Silicones may be cross-linked to form silicone resins.
For further discussion of silicones see Kirk-Othmer Concise Encyclopedia of Chemical Technology, John Wiley & Sons, Inc., New York 1985, pages 1062-1065.
Silicone compounds which can be used as binder precursor materials in the present invention can be characterized by the general formula: ##STR1## where R is hydrogen, halogen, hydroxy, alkyl, aryl, alkylaryl or fluoro-alkyl. The hydrocarbon substituents for R1 and R2 generally independently contain from 1 to 10 carbon atoms and preferably are methyl or ethyl groups, and n is an integer of at least 2 and generally in the range of 3 to 1000. The molecular weight of the silicone compound employed is generally between about 80 and about 20,000 and preferably within the approximate range of 150 to 10,000. Representative silicone compounds include dimethylsilicone, diethylsilicone, phenylmethylsilicone, methylhydrogensilicone, ethylhydrogensilicone, phenylhydrogensilicone, methylethylsilicone, phenylethylsilicone, diphenylsilicone, polydimethylsilicone, methylvinylsilicone, ethylvinylsilicone and silicone.
The organosilicon compound may be dry blended with the zeolite crystals. Alternatively, the organosilicon compound may be added in the form of an emulsion or solution. The zeolite crystals and organosilicon compound are added to the extrusion mixture in an amount such that, after extrusion and calcination, the extrudate contains from 50 to 95 parts by weight (wt. %) zeolite and from 5 to 50 parts by weight (wt. %) silica.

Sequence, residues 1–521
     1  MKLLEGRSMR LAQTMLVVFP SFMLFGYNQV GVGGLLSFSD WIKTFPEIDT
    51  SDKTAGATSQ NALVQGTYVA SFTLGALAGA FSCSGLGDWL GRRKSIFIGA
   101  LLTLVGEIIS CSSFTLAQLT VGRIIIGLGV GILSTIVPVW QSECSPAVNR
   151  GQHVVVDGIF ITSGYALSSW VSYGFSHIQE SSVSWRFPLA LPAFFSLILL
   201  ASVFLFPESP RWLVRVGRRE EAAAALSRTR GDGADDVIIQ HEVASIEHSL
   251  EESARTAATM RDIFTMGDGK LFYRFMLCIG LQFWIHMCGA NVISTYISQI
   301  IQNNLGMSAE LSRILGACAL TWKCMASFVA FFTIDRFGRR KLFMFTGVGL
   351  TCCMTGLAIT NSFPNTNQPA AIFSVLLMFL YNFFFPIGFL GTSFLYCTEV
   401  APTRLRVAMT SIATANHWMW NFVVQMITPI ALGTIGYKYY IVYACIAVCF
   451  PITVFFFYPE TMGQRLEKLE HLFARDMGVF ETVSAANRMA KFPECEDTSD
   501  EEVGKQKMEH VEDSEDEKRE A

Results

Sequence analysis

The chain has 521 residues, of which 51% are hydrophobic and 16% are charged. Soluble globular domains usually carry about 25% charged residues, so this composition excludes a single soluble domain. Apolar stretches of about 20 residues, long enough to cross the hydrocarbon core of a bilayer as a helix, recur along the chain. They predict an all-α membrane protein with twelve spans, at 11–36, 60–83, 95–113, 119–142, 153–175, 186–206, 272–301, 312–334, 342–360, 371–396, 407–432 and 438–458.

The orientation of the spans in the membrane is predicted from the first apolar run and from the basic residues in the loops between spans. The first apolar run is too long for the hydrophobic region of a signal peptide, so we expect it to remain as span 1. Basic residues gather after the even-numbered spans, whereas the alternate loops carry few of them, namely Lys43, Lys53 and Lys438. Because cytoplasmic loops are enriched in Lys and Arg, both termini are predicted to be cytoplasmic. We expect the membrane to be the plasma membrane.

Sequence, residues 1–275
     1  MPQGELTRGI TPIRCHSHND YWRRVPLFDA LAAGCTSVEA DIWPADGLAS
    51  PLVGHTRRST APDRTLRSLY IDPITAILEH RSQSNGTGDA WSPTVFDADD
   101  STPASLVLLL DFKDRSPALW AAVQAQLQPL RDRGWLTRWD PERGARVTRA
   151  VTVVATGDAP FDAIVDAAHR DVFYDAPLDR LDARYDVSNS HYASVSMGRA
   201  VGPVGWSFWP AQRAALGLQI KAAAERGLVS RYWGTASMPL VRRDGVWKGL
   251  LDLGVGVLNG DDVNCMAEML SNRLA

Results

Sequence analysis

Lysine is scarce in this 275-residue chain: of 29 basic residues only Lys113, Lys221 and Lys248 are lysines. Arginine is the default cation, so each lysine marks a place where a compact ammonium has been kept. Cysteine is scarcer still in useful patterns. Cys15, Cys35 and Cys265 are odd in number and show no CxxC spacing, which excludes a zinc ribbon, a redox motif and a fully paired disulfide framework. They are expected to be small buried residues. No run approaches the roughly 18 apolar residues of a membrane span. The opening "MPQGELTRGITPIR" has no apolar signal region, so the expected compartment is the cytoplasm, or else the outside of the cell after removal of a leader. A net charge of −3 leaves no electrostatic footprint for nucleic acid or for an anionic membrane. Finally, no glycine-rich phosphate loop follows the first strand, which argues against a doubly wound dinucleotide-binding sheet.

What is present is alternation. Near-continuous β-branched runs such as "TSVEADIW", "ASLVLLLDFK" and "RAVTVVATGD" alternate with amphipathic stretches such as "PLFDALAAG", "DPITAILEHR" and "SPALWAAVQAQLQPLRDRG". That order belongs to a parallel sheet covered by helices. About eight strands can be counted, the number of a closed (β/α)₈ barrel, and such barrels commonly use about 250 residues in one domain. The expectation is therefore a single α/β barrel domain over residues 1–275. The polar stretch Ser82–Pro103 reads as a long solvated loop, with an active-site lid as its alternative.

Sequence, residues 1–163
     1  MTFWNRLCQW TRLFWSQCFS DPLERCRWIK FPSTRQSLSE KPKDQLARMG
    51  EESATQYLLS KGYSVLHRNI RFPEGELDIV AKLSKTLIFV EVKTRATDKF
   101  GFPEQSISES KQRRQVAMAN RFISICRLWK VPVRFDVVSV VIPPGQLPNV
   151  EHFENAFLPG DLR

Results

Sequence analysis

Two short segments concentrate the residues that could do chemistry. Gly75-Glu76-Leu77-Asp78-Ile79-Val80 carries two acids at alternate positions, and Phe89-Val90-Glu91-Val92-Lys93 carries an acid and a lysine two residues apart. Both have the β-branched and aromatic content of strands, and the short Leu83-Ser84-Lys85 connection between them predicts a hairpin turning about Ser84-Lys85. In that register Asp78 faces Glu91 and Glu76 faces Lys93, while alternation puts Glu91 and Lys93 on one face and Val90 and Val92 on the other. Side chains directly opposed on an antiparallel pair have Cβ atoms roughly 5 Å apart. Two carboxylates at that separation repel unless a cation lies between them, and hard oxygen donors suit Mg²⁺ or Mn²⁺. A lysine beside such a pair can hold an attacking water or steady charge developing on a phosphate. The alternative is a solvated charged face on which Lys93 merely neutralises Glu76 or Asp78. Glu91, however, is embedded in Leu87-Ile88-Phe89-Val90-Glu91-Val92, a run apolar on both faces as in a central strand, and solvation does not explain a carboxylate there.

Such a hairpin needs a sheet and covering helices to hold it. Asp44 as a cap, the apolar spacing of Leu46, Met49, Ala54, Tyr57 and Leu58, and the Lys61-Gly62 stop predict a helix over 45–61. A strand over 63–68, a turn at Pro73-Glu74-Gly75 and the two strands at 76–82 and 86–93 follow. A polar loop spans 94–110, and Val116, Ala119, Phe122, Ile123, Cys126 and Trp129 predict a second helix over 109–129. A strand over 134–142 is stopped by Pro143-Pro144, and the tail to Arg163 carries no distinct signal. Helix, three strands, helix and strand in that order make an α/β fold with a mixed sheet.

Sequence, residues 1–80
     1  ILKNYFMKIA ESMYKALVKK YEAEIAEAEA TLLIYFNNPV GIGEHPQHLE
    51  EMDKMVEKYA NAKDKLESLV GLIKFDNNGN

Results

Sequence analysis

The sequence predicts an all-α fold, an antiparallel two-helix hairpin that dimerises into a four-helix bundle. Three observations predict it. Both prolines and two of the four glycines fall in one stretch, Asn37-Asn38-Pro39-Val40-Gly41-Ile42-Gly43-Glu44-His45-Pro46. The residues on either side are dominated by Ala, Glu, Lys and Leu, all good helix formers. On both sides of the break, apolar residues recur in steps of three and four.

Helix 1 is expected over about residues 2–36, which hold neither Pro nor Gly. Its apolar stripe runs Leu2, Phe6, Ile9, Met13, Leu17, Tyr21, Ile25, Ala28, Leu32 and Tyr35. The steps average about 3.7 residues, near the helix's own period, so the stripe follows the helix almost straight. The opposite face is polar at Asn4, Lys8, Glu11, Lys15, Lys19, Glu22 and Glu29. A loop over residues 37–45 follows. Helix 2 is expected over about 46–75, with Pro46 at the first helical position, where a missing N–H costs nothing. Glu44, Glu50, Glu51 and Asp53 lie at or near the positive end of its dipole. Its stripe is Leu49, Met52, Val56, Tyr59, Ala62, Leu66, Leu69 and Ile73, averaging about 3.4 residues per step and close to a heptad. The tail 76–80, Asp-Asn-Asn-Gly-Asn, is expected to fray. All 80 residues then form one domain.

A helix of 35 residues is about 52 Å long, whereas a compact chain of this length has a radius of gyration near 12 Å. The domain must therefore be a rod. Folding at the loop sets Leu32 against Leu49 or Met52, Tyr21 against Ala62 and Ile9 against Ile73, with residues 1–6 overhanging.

Additional polymeric organic material is added to the extrusion mixture. The additional organic materials include as non-limiting examples, polyacrylonitrile, cellulose or derivatives thereof, phenol/formaldehyde resins, polyfurfuryl alcohol, polyimides, polyesters, polyolefins, acrylic resins, polyvinylalcohol, styrene resins or polycarbonate. Preferred are cellulose or derivatives thereof, polyacrylonitrile, phenol/formaldehyde resins, polyfurfuryl alcohol and polyimides. More preferred is hydrated methyl cellulose. The organic material is added in an amount of about 0.1 to 5 wt. % of the extrudate mixture.
The extrusion mixture also includes an organic or inorganic dispersant or solvent such as water, alcohols, e.g., isopropanol; polar organic esters; ethers or mixtures thereof in an amount sufficient to facilitate mulling. The preferred dispersants or solvents are water alcohols and/or polar organic esters. While organic alcohols are useful, their volatility may require vapor recovery in the mulling and extrusion steps.